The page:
Canon PowerShot SD970 IS Digital ELPH Review
Look and Feel
The PowerShot SD970 IS Digital ELPH is a stylish, ultra-compact camera. The body is made almost entirely of metal, and it not only looks good, but it feels solid in your hands. While there's the usual plastic door over the memory card and battery compartment, it seems to be fairly well reinforced. The camera fits well in your hand, and its buttons are large and easy to reach. I should point out that there's really no dedicated spot to put your thumb, so it often ends up on either the Direct Print button or the four-way controller, which can cause trouble.
Now, let's see how the SD970 compares to other mid zoom ultra-compacts in terms of size and weight:
The SD970 is one of the larger and heavier cameras in this group. That doesn't mean that it's not pocketable -- it'll fit into your jeans pocket with ease.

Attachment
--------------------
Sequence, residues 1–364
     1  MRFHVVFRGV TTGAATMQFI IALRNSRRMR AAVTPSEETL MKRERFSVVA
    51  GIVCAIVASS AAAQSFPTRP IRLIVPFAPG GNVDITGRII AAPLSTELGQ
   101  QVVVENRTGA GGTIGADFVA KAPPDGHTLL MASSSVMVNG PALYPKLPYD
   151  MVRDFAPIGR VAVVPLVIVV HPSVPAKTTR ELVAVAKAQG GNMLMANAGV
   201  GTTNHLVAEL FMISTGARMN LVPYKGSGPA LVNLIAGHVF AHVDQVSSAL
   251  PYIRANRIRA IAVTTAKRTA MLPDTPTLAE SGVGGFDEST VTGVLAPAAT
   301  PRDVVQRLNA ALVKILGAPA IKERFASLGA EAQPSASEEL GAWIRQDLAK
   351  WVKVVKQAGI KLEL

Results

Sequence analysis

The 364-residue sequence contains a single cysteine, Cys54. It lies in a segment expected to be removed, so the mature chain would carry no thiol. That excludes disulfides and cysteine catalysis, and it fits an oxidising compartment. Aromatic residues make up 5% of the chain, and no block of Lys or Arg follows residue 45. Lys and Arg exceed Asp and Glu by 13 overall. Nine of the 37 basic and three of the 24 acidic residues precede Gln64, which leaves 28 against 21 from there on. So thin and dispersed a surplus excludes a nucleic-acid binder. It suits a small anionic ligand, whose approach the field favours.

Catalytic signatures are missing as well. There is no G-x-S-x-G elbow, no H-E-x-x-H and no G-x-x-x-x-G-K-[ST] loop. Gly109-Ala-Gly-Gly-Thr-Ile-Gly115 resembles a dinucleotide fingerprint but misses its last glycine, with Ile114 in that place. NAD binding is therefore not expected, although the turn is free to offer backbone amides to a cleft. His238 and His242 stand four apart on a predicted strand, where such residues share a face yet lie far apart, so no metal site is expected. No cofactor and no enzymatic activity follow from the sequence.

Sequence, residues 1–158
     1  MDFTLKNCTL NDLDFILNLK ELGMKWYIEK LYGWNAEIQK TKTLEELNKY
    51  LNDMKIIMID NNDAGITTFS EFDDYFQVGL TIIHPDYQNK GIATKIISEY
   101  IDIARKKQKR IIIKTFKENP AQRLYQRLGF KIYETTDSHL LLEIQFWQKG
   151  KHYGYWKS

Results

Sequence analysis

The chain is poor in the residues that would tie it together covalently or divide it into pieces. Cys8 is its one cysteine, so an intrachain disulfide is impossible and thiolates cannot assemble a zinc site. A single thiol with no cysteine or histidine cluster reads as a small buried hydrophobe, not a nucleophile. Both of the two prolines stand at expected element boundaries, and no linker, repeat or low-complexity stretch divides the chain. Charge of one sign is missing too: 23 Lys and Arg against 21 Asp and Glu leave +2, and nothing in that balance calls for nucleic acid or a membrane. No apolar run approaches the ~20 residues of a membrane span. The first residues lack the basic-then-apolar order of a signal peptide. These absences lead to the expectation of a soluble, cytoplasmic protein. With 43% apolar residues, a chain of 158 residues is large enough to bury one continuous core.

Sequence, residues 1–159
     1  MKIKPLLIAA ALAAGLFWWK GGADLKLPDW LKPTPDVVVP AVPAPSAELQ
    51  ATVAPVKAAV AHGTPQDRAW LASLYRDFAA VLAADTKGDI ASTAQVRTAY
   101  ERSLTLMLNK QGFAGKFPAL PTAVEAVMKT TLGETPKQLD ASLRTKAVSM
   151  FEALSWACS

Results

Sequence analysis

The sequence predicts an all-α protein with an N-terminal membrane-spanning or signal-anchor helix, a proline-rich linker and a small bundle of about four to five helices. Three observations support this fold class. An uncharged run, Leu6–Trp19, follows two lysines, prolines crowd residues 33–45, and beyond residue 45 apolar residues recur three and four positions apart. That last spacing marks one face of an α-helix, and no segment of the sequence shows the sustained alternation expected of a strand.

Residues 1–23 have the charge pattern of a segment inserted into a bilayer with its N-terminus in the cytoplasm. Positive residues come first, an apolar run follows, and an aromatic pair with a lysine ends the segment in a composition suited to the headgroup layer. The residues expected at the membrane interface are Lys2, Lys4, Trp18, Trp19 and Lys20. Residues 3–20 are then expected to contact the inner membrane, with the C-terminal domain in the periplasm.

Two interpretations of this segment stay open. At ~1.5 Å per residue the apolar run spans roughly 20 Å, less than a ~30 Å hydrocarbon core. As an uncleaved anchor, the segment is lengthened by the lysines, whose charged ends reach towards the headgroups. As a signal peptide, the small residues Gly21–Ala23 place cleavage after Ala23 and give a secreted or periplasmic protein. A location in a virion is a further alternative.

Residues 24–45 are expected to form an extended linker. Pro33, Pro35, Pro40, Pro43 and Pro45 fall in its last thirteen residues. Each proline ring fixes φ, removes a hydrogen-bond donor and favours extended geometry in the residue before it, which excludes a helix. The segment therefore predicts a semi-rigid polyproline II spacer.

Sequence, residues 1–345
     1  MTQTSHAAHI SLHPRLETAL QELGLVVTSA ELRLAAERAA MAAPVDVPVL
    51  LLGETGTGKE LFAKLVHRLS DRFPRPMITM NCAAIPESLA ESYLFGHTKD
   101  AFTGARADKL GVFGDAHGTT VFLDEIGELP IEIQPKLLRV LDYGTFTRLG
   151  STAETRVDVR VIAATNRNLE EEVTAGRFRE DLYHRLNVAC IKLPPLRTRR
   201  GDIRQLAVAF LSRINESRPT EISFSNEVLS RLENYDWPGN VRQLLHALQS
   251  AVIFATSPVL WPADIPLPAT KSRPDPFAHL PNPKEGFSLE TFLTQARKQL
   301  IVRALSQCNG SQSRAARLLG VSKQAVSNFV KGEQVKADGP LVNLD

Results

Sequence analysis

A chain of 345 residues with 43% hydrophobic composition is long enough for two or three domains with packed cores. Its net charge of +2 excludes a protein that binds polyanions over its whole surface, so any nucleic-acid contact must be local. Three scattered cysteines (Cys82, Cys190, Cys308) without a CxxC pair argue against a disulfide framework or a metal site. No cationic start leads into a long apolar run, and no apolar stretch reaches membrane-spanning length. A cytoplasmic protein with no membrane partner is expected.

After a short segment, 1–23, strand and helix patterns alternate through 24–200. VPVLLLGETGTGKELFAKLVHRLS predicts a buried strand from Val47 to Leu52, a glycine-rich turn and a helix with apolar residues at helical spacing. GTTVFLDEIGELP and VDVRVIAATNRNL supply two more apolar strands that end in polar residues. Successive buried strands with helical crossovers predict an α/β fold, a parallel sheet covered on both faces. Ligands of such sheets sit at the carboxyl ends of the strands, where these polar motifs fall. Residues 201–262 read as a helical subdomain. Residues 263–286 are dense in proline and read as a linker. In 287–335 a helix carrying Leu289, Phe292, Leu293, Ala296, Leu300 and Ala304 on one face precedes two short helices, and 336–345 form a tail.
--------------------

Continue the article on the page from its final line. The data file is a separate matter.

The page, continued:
Ready to tour the PowerShot SD970 IS now? I know I am, so let's begin!
The PowerShot SD970 has the same F3.2 - F5.7, 5X optical zoom lens as the SD890 that came before it. That maximum aperture range is on the slow side, but it's not uncommon on ultra-compact cameras like this. The focal range of the lens is 6.6 - 33.0 mm, which is equivalent to 37 - 185 mm (a wide-angle lens it is not). As you'd expect, the lens isn't threaded, so conversion lenses are not supported.
Inside the lens is Canon's optical image stabilization system. Sensors inside the camera detect the tiny movements of your hands (known as "camera shake") that can blur your photos, especially in low light or at the telephoto end of the lens. The camera shifts one of the lens elements to compensate for this movement, allowing for a higher likelihood of a sharp photo. Image stabilization can't freeze a moving subject, nor will it allow for multi-second handheld exposures, but it will give you sharp photos at shutter speeds that would be otherwise unusable. Want proof? Have a look at these: